Magazine article Clinical Psychiatry News

Zero Tolerance Is Effective for Physician Addicts: Monitoring, Testing, and Consequences for Relapse Could Be Extended to Abusers in Other Settings

Magazine article Clinical Psychiatry News

Zero Tolerance Is Effective for Physician Addicts: Monitoring, Testing, and Consequences for Relapse Could Be Extended to Abusers in Other Settings

Article excerpt

SAN FRANCISCO -- Zero tolerance for substance abuse and random testing have been the keys to successful rehabilitation of addicted doctors in physicians' health programs--and might help nonphysician populations of addicts.

Some of the program elements that have worked well for addicted physicians are beginning to be applied with surprisingly good results in other settings, especially the criminal justice system, Dr. Robert L. DuPont said. "If it's good enough for physicians, why not for everyone else?" he asked.

Intensive monitoring with frequent, random drug and alcohol testing backed by swift and certain consequences for a single relapse appear to keep a large majority of addicts substance free during monitoring periods of up to 5-7 years in recent studies.

That kind of zero-tolerance intensive monitoring differs markedly from competing theories of "harm reduction" and "compassion" for addicts that often amount to "enabling" the addiction, DuPont said.

"If the environment is tolerant of the drug use, then the drug use is more prevalent and it persists. If the environment is intolerant, the use stops, whether it's in physicians or convicted felons," said Dr. DuPont, who was the first director of the National Institute on Drug Abuse 37 years ago and now is head of the Institute for Behavior and Health, a drug policy nonprofit in Rockville, Md. "If you expect and tolerate relapse, you'll see more of it."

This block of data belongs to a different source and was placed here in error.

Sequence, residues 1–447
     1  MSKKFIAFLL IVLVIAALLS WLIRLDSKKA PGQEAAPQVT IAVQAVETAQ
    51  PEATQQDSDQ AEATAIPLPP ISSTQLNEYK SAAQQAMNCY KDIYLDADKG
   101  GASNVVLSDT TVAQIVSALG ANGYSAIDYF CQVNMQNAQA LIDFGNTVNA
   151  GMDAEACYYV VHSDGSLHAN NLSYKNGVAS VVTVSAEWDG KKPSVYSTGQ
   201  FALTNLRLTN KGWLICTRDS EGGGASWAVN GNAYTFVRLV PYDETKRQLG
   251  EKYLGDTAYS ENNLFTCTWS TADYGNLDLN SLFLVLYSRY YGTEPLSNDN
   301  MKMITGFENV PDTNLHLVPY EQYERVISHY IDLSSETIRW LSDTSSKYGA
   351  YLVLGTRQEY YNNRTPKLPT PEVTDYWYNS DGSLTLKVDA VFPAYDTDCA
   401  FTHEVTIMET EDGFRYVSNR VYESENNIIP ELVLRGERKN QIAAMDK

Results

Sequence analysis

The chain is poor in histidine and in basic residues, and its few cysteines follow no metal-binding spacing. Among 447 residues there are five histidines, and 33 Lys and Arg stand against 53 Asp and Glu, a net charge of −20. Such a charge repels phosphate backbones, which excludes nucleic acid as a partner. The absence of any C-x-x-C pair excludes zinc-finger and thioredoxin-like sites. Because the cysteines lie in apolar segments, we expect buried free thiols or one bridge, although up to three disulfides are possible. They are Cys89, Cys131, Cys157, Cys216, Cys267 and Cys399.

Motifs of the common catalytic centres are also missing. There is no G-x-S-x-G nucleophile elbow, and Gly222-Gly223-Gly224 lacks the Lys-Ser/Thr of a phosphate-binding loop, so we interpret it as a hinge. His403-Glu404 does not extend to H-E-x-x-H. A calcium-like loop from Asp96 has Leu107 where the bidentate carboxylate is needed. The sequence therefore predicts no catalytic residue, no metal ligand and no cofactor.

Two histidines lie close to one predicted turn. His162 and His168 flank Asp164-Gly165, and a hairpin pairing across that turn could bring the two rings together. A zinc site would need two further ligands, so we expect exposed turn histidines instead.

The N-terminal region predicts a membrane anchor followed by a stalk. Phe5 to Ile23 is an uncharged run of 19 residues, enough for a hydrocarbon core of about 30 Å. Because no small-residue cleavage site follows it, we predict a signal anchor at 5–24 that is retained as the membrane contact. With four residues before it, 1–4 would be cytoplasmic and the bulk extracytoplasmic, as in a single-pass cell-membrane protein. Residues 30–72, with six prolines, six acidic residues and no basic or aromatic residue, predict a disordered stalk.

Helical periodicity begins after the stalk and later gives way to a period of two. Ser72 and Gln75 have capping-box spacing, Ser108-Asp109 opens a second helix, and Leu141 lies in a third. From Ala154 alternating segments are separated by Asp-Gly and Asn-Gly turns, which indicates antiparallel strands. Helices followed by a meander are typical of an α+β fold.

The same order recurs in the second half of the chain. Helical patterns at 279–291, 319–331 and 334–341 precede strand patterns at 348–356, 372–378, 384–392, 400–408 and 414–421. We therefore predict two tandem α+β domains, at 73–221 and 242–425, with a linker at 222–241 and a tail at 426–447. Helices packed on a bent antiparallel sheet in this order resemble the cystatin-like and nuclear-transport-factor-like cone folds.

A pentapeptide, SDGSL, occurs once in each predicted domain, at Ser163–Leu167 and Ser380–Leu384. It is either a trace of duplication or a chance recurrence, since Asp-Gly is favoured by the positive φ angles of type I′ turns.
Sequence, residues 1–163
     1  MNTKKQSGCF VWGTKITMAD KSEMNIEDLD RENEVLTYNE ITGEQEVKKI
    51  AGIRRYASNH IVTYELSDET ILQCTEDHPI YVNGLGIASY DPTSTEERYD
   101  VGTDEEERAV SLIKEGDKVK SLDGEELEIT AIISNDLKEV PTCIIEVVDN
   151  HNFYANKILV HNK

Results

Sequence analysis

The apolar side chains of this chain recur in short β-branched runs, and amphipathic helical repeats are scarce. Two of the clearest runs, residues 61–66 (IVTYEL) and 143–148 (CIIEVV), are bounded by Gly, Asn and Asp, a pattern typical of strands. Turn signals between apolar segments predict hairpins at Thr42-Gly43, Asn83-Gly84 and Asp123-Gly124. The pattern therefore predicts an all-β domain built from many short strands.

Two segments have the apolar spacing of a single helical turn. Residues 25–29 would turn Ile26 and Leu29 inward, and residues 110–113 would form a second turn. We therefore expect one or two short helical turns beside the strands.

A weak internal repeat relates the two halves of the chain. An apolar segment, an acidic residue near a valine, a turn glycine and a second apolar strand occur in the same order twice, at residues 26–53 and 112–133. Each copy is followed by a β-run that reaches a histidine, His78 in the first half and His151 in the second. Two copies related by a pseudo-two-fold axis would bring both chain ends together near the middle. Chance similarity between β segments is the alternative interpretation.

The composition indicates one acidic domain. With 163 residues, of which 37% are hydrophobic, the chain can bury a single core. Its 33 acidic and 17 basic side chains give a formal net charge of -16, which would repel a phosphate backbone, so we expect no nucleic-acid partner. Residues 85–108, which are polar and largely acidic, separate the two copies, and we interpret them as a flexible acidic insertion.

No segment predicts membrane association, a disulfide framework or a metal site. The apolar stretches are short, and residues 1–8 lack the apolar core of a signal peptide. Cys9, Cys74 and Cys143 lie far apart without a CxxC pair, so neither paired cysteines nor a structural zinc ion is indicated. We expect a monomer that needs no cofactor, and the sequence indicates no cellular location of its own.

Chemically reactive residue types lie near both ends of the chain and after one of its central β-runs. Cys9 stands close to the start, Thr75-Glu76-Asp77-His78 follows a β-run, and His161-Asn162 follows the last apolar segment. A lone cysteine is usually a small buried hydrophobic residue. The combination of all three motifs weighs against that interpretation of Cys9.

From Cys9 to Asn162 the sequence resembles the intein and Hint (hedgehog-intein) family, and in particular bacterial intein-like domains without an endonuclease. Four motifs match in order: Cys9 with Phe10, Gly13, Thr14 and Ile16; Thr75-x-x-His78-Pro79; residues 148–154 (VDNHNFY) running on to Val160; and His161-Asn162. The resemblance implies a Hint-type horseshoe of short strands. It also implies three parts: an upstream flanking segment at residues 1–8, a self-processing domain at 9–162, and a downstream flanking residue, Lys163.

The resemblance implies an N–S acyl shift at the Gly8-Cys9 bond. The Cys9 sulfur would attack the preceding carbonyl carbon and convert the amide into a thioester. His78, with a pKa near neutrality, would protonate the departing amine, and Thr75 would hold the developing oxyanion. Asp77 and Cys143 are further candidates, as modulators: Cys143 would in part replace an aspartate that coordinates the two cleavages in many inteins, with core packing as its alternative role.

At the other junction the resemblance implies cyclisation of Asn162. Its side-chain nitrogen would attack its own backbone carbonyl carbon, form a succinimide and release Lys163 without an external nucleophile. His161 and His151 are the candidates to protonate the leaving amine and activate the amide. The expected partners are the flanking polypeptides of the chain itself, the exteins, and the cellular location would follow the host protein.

He and his associates studied 904 consecutive admissions to 16 state physicians' health programs and found that 72% of the physicians were still licensed and practicing with no sign of substance abuse in 5-7 years of monitoring. Twelve percent had their license suspended or dropped, 6% were licensed but not practicing, 4% had retired or left practice, 4% had died, and the outcomes of the rest were unknown (J. Subst. Abuse Treat. 2009;36:159-71).

"It's striking how many of them go through successfully," he said.

The physicians' health programs start with a careful initial evaluation followed by referral to intensive, high-quality treatment, which usually lasts for 1-3 months and is mostly in residential facilities. After treatment, the physicians undergo frequent, random drug and alcohol testing for 5 years or longer. Each work day, the physician must call a phone number to find out whether he or she will be tested that day.

The programs are closely tied to community support, mainly the 12-step groups of Alcoholics Anonymous and Narcotics Anonymous.

Participants who leave the program or have a single positive test for drugs or alcohol are removed from practice and sent to more intensive treatment. In addition, they risk losing their medical license after a repeat relapse. …

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